For your listening ability, you need to develop a listening muscle.
Think of it like weight lifting, if you want to lift a heavier weight, you need to build stronger muscles. If you want to get better at listening, you need to build a more responsive listening system.
To do that, you need to choose appropriate podcasts, movies, lectures, TV shows, and listen to them actively.
I go over the exact steps to improve your listening (and the research which supports that it words) here. Go to this article, follow the steps and download the free listening toolkit.
Or click here to download the Listening Toolkit right now
For example, if you want to focus on native English conversations, look for natural English conversations or TV shows where there is a lot of dialogue.
Tip: If you need a quick fix, try this phrase: “I’m sorry, I didn’t catch that. Could you repeat it again slowly?”
In spoken English, people use all sorts of weird and wonderful words.
They use slang. They use phrasal verbs. They squash words together. They don’t use correct grammar (where I’m from, it’s pretty common for people to say “I’ve ate” instead of “I’ve eaten”)
Basically, native English speakers are lazy. And there’s nothing that you can do to change them.
What can you do?
There are two things that you can do.
#1 Build your language knowledge.
This has two purposes:
- You’ll be able to understand more
- You’ll be able to use the appropriate words
Now, when I say “build your language knowledge”, I don’t mean “just learn words”.
You want to aim to be able to use words.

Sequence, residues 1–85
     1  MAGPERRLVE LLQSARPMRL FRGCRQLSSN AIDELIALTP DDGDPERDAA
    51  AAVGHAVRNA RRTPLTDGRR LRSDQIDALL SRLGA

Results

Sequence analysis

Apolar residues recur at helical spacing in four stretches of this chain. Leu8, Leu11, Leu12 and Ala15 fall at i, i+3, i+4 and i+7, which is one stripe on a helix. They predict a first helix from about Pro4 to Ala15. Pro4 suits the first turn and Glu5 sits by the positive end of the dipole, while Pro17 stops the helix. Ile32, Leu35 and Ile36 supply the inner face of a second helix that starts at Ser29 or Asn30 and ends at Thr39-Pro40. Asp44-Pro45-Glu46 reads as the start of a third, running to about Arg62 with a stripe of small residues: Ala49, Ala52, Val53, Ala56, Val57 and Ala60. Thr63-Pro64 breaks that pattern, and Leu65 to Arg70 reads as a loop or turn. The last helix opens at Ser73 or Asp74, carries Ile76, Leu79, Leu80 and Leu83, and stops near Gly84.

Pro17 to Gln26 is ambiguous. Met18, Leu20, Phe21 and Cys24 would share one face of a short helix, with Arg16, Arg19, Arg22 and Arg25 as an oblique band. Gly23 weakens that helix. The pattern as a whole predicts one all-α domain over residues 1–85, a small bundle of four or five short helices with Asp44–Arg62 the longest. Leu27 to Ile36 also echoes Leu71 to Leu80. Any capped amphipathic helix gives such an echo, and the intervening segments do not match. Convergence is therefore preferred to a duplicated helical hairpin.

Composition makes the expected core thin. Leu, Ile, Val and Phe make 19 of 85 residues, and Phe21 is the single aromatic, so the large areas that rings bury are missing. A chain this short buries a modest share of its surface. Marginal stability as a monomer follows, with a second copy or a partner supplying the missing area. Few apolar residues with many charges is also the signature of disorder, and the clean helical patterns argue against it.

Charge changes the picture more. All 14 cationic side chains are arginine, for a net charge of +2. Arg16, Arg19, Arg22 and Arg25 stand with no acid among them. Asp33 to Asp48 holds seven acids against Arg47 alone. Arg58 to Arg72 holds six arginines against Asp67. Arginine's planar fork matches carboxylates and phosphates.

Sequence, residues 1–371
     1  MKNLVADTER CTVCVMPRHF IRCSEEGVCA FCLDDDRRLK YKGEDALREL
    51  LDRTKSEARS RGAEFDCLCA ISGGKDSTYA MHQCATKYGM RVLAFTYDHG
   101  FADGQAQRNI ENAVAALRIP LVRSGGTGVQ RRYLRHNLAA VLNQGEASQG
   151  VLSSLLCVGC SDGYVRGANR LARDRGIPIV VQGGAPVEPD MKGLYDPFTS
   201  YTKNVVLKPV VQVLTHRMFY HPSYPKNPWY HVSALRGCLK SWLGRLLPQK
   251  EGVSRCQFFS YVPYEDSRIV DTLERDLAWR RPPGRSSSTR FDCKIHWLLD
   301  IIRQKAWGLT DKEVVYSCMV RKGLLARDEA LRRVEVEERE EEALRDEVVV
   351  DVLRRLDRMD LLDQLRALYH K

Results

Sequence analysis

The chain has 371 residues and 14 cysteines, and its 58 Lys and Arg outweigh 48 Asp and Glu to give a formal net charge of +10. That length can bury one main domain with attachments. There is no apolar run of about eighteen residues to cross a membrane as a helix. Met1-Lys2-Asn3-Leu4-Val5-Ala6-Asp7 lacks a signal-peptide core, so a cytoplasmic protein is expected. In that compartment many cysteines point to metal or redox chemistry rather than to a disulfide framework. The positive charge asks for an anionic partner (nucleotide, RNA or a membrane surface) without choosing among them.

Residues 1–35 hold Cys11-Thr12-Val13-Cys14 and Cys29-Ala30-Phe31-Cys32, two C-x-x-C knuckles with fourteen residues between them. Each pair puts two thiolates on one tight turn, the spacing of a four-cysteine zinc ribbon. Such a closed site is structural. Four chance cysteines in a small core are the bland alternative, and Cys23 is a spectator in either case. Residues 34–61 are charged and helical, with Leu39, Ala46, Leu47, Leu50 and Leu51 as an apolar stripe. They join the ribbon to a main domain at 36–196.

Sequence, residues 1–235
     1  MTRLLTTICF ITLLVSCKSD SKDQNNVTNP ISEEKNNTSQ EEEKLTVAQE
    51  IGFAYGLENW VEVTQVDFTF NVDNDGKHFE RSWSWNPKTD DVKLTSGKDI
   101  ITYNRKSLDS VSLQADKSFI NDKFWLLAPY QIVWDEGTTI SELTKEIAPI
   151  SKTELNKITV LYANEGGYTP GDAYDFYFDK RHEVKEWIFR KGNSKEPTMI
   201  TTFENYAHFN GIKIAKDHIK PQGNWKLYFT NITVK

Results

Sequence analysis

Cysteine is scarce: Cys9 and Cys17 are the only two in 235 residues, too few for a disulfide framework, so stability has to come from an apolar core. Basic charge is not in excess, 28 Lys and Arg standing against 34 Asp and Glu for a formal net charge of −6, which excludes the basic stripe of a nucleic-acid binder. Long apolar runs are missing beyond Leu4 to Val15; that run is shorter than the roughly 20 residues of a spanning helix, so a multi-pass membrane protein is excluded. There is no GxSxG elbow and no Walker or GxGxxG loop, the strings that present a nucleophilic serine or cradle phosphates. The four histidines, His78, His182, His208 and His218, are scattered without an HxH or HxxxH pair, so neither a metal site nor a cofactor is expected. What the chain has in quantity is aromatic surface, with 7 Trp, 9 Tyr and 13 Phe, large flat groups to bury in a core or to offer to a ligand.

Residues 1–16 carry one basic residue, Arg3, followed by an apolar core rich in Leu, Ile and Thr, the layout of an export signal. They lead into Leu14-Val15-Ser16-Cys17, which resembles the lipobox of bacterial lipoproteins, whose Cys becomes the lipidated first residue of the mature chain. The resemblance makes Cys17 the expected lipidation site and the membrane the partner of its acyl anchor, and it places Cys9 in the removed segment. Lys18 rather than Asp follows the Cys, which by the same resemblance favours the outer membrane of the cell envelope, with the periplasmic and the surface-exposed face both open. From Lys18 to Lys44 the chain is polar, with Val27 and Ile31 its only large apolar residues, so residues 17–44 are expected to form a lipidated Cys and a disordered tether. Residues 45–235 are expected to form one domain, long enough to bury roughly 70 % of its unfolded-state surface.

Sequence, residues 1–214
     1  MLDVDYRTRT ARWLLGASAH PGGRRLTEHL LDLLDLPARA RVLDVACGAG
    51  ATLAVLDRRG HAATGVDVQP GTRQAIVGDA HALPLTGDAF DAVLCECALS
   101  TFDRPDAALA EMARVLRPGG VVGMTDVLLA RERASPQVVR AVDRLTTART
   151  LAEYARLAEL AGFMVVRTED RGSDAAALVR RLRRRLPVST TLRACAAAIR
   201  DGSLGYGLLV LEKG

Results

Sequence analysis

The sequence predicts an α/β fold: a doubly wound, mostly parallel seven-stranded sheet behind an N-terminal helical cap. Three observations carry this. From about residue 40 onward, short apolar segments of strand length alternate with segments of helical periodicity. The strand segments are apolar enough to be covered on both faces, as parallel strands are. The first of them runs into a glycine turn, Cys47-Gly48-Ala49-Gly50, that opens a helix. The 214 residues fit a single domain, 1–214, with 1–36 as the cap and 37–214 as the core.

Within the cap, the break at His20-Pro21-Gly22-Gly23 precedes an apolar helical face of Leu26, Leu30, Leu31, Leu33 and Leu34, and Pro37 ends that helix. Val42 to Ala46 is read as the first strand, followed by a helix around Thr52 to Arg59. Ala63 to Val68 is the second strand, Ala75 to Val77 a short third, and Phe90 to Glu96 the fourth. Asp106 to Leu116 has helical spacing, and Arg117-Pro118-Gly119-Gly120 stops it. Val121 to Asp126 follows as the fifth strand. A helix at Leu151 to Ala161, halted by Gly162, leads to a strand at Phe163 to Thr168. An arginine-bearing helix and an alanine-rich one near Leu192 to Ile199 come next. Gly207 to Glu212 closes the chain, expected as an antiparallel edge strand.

Generally, we learn to understand words before we learn to use them. So if you want to understand words, you should aim to be able to use them.
But I’d suggest that you take it even further: aim to be able to use the word family of each word well.
Sounds like a big task right?
Well, you want to become advanced, right?
But if you do that, you’re well on your way to being advanced in English (and the envy of your friends!)
#2 Don’t worry about the details.
You’re going to encounter slang, phrases and words that you don’t understand. And that’s part of the fun because you’ll be able to ask someone what it means (that’s when everyone you meet basically becomes a teacher).
My advice here is to wait until you meet the slang in person, and then find out what it means. You’ll be able to remember the meaning of the word much better if it is meaningful.
I’ll repeat that in case you missed it:
Don’t focus on learning slang or idioms. Wait until you meet them in real life and then learn them. You’ll know how to use them and remember them better that way.
Final Words About Native English Speech
The fear of not understanding people in conversation is very real. It can actually paralyze people from speaking. But it doesn’t have to be that way.
Become aware of different accents, listen actively to natural speech and build a working vocabulary.
Which one of the three aspects
of native English speech
(accent, speed, vocabulary)
do you find most difficult?